A German man was sentenced Thursday to nearly six years in prison for sending threatening letters to politicians, lawyers and journalists signed with the acronym of a neo-Nazi group.

A court in Frankfurt found the 54-year-old man guilty on a range of charges including inciting crime, inciting hatred, disturbing the peace, issuing threats, and assaulting a law enforcement officer, according to the news agency dpa.

The man, who was identified only as Alexander M. in keeping with German privacy rules, received five years and 10 months in prison, dpa reported.

GERMANY FEARS WINTER COVID WAVE AS RESTRICTIONS EASE

Starting in 2018, Alexander M. sent dozens of letters via email, fax and SMS message to individuals across Germany and Austria. The letters were signed “NSU 2.0,” using an acronym for a neo-Nazi group called the National Socialist Underground.

The high-rise buildings on the skyline of the city of Frankfurt, western Germany, are pictured on Feb. 2, 2022. A German man was sentenced to six years in prison at a court in Frankfurt for sending threatening letters with a neo-Nazi acronym to lawyers, journalists, and politicians.

The high-rise buildings on the skyline of the city of Frankfurt, western Germany, are pictured on Feb. 2, 2022. A German man was sentenced to six years in prison at a court in Frankfurt for sending threatening letters with a neo-Nazi acronym to lawyers, journalists, and politicians. (ANDRE PAIN/AFP via Getty Images)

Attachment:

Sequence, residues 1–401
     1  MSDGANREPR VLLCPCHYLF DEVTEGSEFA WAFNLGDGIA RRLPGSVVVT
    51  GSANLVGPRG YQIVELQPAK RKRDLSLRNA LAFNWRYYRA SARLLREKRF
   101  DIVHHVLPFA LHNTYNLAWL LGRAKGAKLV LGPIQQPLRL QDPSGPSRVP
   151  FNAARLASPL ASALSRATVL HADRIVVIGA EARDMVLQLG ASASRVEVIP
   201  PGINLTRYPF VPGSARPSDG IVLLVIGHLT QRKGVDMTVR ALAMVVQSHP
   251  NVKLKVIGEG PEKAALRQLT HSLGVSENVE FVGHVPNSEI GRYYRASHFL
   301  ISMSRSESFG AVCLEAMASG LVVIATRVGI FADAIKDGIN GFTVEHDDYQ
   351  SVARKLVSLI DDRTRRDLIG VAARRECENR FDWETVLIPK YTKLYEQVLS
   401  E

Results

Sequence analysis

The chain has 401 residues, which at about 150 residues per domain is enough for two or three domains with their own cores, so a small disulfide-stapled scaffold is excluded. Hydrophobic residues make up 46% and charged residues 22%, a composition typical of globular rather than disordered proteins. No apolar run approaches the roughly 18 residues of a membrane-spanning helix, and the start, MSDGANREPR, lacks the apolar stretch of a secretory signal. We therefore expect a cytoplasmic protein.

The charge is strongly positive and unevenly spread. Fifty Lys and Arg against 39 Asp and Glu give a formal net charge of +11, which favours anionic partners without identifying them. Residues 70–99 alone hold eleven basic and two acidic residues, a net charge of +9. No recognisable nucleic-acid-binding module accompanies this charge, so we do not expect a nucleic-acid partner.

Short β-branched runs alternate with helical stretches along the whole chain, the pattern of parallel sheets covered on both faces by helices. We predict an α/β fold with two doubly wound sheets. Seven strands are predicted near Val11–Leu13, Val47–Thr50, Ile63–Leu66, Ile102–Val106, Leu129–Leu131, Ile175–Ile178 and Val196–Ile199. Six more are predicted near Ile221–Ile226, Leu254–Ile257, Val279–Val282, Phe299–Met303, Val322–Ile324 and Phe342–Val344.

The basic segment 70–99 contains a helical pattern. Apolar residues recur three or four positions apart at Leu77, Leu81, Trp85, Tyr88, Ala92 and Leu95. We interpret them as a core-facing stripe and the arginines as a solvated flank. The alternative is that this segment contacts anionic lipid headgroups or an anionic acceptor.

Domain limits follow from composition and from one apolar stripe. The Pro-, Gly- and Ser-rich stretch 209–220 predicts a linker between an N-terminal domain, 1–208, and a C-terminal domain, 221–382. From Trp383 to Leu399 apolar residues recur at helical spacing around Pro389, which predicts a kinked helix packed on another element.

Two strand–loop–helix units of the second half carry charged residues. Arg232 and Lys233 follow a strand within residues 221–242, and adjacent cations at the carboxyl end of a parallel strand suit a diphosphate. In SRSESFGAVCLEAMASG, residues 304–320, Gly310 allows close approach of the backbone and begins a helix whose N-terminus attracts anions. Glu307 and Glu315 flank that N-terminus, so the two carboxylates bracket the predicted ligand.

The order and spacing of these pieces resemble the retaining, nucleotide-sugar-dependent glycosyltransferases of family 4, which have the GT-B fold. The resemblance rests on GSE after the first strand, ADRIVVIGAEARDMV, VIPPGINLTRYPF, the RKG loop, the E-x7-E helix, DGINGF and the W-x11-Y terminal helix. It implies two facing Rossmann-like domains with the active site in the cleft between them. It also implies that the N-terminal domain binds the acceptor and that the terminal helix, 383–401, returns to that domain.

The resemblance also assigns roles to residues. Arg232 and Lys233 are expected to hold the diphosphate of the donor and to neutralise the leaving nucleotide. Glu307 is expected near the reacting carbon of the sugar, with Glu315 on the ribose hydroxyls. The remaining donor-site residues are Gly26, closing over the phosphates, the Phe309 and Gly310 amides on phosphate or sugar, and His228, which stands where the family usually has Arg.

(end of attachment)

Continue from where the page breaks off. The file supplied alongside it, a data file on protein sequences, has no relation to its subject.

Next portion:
The NSU was responsible for a string of violent crimes between 1998 and 2011, including the racially motivated killings of nine men with immigrant backgrounds and a police officer. Its name was derived from the full name of the Nazi, or National Socialist, party.

GERMAN CHANCELLOR OLAF SCHOLZ URGES CLIMATE ACTIVISTS TO AVOID ENDANGERING OTHERS

Among those who received the letters were Frankfurt-based human rights lawyer Seda Basay-Yildiz, entertainer Jan Boehmermann, television moderator Maybrit Illner and cabaret artist Idil Baydar.

Alexander M. denied sending the letters at the trial, dpa reported. He said they were on his computer because of his membership in a chat group on the dark web.

The case comes as German security agencies have been warning of the growing threat of violent far-right extremism. Germany’s domestic intelligence service said this summer that the number of people active in the right-wing extremist scene in Germany has risen to 33,900.

CLICK HERE TO GET THE FOX NEWS APP

A series of high-profile attacks by right-wing extremists have also drawn attention to the issue in recent years.

In July 2019, a regional politician from former Chancellor Angela Merkel’s party was killed by a neo-Nazi. Three months later, a gunman tried to force his way into a synagogue on Yom Kippur, killing two people. And in early 2020, a right-wing extremist killed nine people of immigrant backgrounds at two hookah bars in central Germany.

By Umiddoc